• Although amenorrhea was once a required criterion for the disorder, it is no longer required to meet criteria for anorexia nervosa due to its exclusive nature for sufferers who are male, post-menopause, or who do not menstruate for other reasons. (wikipedia.org)
  • inappropriate
  • Fishman (1995) noted that "the words safe and unsafe, like appropriate and inappropriate, are Wediko-speak: while adult observers may soon tire of them, for the kids they are easy to understand and comfortable to use. (wikipedia.org)
  • chronic
  • The onset is believed to occur in late teens or early twenties and the disorder is considered to be generally chronic. (wikipedia.org)
  • clinical
  • Thus, this appears to be a sizable cannabis-abusing group warranting much greater clinical attention than they are currently receiving. (clinicaltrials.gov)
  • Intermittent explosive disorder or IED is a clinical condition of experiencing recurrent aggressive episodes that are out of proportion of any given stressor. (wikipedia.org)
  • Versions of the K-SADS are semi-structured interviews administered by health care providers or highly trained clinical researchers, which gives more flexibility to the interviewer about how to phrase and probe items, while still covering a consistent set of disorders. (wikipedia.org)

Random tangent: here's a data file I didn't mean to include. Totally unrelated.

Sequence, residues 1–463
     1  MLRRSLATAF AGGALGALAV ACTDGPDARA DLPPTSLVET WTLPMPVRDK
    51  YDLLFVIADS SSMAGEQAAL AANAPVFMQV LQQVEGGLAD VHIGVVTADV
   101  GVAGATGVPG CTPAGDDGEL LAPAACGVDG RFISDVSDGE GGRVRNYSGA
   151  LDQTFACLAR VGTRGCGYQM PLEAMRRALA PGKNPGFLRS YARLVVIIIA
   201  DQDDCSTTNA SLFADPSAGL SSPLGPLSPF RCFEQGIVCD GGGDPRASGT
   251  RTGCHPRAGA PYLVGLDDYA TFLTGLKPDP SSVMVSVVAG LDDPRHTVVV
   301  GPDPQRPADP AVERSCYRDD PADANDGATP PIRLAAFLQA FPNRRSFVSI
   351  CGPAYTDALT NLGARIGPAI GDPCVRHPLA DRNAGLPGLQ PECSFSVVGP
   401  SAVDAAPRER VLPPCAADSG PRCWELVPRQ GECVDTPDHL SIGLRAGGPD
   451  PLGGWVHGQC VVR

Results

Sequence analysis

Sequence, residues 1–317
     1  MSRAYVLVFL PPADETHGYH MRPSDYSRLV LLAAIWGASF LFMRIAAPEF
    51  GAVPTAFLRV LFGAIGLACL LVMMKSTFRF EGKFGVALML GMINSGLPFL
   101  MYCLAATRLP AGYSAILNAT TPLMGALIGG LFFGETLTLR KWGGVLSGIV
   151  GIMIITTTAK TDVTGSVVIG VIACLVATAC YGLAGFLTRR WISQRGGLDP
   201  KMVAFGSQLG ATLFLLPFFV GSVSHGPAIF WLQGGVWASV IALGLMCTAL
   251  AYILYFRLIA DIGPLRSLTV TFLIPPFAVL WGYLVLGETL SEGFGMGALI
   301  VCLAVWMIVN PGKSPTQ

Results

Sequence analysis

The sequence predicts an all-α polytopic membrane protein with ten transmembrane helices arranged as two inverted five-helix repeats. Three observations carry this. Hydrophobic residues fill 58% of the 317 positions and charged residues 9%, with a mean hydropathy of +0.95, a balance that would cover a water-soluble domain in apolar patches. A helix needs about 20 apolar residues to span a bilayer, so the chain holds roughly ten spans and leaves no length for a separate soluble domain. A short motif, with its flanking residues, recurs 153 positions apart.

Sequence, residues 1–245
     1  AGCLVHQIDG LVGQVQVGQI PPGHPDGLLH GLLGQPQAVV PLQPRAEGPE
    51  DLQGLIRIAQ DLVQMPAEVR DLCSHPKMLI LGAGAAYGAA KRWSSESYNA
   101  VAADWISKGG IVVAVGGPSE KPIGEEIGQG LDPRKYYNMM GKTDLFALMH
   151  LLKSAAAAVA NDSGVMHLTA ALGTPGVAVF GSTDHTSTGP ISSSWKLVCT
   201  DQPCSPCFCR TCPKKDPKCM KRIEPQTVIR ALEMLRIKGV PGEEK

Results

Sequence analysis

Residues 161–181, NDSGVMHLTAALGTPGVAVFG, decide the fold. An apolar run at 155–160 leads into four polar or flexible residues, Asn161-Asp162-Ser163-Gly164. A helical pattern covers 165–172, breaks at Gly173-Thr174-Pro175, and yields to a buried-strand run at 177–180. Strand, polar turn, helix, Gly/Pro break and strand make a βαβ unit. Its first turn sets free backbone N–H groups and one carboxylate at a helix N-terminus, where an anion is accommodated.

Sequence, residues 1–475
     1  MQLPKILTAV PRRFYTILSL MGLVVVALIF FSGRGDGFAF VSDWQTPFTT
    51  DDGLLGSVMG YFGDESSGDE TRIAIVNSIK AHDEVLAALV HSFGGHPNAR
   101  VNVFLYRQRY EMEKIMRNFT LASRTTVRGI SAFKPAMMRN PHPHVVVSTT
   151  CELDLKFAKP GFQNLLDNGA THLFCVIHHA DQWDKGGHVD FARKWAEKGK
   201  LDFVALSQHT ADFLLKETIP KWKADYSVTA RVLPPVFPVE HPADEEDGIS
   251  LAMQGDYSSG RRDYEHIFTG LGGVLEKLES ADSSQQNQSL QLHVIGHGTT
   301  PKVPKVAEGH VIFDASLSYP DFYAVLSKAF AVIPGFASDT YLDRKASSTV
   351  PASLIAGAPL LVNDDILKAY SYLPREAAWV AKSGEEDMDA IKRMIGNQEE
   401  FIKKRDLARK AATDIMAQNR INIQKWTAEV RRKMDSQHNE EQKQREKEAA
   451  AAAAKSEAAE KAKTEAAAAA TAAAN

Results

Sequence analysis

• prevalence
  • There has not yet been a determined estimate of its prevalence due to the secretiveness of the disorder. (wikipedia.org)
  • The prevalence of compulsive buying in the U.S. has been estimated to be 2-8% of the general adult population, with 80-95% of these cases being females. (wikipedia.org)
  • The prevalence of this class of disorder is thought to be between 2-5 per 1000. (wikipedia.org)
  • amphetamine
  • It is sometimes prescribed in adults who do not get enough vigilant concentration response from mixed amphetamine salts (Adderall) or get too many side effects. (wikipedia.org)